Chickenpox vaccine can be effective and safe even in children with paediatric rheumatic disease
Posted: 12 June 2015 |
Results from a new study show that the chickenpox vaccine can be safe even in children with rheumatic disease receiving immunosuppression treatment…
The results of a study presented at a EULAR 2015 Press Conference showed that the chickenpox (varicella) vaccine can be effective and safe even in children with paediatric rheumatic disease receiving immunosuppression treatment.
By using a checklist to pre-screen children, the investigators were able to identify diverse patient groups suitable for vaccination, protecting them from a potentially life-threatening infection.
Rheumatic diseases are autoimmune diseases, arising when the body attacks and damages its own tissues. As such, they are typically treated with immunosuppressant drugs to dampen the immune response, however this immunosuppression also leaves patients at risk of infection.
Chickenpox can be life-threatening in children with a suppressed immune system
“Although chickenpox is a common and often mild childhood illness, it can be life-threatening in children with a suppressed immune system, such as those being treated for rheumatic disease. While a vaccine is available, its safety in children receiving immunosuppression has long been debated,” said study investigator Dr Fabian Speth, German Centre for Paediatric and Adolescent Rheumatology, Germany. “By pre-screening children using easy-to-obtain immunological criteria, we were able to safely and effectively vaccinate a major group of immunocompromised children, without having to stop their treatment. This is a significant development in preventing a persisting, and sometimes fatal, virus.”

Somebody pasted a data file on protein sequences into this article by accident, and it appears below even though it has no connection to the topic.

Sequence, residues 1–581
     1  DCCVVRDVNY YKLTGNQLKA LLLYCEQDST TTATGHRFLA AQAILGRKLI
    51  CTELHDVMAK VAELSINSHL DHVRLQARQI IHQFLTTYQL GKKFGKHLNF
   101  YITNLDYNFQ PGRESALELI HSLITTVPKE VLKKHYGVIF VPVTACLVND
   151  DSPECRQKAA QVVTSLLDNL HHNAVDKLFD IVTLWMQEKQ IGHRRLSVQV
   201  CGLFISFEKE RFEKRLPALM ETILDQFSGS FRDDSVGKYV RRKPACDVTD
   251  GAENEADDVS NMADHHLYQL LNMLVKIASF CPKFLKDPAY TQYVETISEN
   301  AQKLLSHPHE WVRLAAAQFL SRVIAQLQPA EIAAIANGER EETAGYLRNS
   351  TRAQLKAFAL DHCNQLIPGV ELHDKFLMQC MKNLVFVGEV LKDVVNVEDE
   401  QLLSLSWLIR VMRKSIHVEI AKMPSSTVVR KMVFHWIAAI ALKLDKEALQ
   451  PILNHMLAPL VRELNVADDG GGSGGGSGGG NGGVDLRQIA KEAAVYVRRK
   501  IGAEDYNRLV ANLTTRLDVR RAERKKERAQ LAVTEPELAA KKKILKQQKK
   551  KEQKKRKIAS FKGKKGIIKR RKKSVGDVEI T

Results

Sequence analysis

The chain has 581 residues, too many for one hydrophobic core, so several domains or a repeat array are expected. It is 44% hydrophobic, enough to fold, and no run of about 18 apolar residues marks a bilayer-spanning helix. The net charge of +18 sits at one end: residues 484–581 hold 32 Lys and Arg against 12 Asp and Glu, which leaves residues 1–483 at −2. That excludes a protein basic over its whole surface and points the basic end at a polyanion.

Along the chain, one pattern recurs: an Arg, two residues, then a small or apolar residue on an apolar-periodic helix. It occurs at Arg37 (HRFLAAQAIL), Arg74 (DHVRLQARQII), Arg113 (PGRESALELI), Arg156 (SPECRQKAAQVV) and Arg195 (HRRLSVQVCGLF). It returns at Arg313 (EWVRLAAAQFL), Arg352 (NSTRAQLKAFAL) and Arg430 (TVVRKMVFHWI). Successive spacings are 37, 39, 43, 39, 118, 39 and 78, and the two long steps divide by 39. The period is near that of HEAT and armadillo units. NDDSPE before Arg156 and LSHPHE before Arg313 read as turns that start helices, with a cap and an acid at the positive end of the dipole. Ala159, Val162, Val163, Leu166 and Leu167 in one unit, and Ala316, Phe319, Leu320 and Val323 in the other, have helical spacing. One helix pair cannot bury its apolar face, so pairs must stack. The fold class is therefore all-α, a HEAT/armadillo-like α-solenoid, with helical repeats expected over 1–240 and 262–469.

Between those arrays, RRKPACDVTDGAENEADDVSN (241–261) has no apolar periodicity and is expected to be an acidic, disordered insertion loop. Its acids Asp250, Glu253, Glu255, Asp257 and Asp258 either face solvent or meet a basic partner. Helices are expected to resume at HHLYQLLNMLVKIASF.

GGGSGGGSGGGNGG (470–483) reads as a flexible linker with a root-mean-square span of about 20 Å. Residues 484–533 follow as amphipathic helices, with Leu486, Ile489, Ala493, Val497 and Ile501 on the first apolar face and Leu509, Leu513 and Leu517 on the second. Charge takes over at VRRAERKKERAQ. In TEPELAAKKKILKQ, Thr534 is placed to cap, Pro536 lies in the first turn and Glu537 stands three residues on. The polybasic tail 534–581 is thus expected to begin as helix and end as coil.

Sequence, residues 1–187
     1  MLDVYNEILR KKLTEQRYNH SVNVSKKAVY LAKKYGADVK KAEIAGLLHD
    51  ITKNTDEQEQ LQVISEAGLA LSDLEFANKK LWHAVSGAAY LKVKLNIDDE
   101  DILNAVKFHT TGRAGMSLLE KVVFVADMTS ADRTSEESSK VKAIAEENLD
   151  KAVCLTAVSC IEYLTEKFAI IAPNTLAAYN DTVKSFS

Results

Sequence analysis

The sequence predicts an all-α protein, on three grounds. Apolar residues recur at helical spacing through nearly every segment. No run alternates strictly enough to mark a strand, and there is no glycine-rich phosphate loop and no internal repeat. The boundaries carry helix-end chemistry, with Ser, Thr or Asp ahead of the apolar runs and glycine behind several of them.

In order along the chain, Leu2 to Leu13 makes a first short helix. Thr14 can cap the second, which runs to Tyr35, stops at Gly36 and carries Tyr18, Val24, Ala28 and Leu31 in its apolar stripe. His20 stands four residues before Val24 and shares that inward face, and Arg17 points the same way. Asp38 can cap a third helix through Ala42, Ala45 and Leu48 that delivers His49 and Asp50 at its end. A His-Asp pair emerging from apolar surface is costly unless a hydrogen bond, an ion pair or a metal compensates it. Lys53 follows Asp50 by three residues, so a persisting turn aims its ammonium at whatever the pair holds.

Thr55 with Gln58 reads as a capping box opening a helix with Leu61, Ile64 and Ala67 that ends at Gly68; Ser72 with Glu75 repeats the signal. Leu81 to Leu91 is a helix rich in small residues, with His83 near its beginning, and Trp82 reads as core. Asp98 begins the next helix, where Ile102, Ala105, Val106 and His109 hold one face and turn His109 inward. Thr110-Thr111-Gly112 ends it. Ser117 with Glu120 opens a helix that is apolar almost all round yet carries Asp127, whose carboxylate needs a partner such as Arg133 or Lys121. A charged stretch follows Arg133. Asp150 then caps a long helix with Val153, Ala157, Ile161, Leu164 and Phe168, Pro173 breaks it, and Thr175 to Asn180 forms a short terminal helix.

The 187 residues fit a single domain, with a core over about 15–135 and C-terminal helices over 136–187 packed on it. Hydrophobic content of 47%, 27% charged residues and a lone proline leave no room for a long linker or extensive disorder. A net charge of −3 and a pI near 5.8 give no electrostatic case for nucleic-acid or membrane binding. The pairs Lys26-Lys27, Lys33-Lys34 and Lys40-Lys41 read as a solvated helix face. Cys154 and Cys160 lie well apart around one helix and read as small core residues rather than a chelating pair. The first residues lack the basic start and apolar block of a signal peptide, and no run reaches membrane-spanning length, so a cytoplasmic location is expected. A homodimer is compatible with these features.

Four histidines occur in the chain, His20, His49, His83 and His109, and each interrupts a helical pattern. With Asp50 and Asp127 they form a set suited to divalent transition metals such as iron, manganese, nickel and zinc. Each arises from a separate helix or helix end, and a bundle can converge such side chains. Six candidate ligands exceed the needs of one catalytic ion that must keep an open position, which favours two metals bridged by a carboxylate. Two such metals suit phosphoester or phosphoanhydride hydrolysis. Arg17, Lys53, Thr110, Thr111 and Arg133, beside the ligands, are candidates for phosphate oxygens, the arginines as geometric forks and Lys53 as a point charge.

Primary infection with varicella zoster virus (VZV) causes chickenpox. A member of the herpesvirus group, VZV can persist in the body and reactivate at a later date causing shingles. Chickenpox is highly infectious. Spread throughout households is very common with infection in up to 90% of vulnerable individuals who come into contact.
There was no evidence of vaccination-induced varicella in any of the children who took part in the study
21 VZV-susceptible children aged 2-18 years old took part in the study. All of the children were receiving immunosuppression therapy for clinically inactive paediatric rheumatic diseases, such as juvenile idiopathic arthritis or connective tissue diseases. Prior to vaccination, all of the children were screened according to an immunologic checklist. Patients meeting the safety criteria received either a first or second dose of the vaccine without suspension of their immune-suppression therapy.
There was no evidence of vaccination-induced varicella or associated complications. None of the patients developed a disease flare and no change in treatment regimen was required in any patient during a minimum follow up of four weeks.